There is a great energy about the book with the climbing of the heights. It’s added to by the rhymes and rhythms of the book, a strong structure for the story and one that creates a book that grows and builds. The ending is perfection, the timing throughout just right and the humor bold and delightful.
The illustrations have a wild zaniness that works perfectly with the story. There’s a subtle vintage feel to them in the patterns used in the setting but the bold colors are clearly modern and add to the energy of the tale.
This book begs to be shared aloud and children will guess what is making the next noise. Appropriate for ages 2-4.
Reviewed from copy received from Roaring Brook Press.
Maybe Something Beautiful: How Art Transformed a Neighborhood by F. Isabel Campoy and Theresa Howell, illustrated by Rafael López (InfoSoup)
Based on the true story of the colorful transformation of the East Village neighborhood in San Diego, California, this picture book shows how art can impact quality of life. Mira is a little girl who loves to create art. She lives in a gray city where she tries to share her art and change things, but her art is too little to make big changes. Then she meets a man who is creating huge murals and who allows Mira to help him. Soon other neighbors are helping and colors begin to fill the streets, creating a close-knit neighborhood.
There is a sense of joy and hope throughout this picture book, led by little Mira, a girl with the heart of an artist from the very start of the book. Just sharing her art with her neighbors is an act of artistic courage that sets the tone for the rest of the story. The text is accented by “Bams!” and “Pows” that add to the dynamic tone. Everything here is filled with creative energy and a cheery tone.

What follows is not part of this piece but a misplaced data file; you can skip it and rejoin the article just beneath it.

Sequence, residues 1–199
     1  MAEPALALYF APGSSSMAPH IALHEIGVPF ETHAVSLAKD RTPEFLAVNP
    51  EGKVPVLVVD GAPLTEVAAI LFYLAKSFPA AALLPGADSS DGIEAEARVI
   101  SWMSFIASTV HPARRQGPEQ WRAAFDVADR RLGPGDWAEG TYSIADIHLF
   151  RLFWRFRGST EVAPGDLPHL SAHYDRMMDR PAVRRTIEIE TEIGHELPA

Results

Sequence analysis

López’s art shows the gray concrete city and then imposes Mira and her own colorful attitude against it. The paint splashes on the page and also creates vibrant rainbows of swirling colors that dance on the page. The diverse neighborhood is captured with a richness that is captivating. As color fills the page, it fills the neighborhood too.
A brilliant testament to the power of art and the way it can transform a life and a neighborhood. Appropriate for ages 4-7.
Reviewed from library copy.
Edmond, The Moonlit Party by Astrid Desbordes, illustrated by Marc Boutavant (InfoSoup)
Edmond, the squirrel, lives in a chestnut tree and hardly ever goes out. He spends his time making nut jam, reading stories, and making pompoms. George Owl lives in the tree above Edmond. He spends his time out and about, gathering items to create his amazing costumes. Harry, the bear, lives in the bottom part of the same chestnut tree. He loves to throw parties and was just planning his upcoming one. It would have a nothing tart, very mysterious, and would encourage people to wear costumes. Edmond longed to go to a party in the tree, but never had. So when George smells Edmond’s latest batch of nut jam as the party gets started, George encourages him to attend even if he doesn’t have a costume to wear. Soon Edmond is at the party, dancing and having a great time and he decides that parties suit him just fine after all.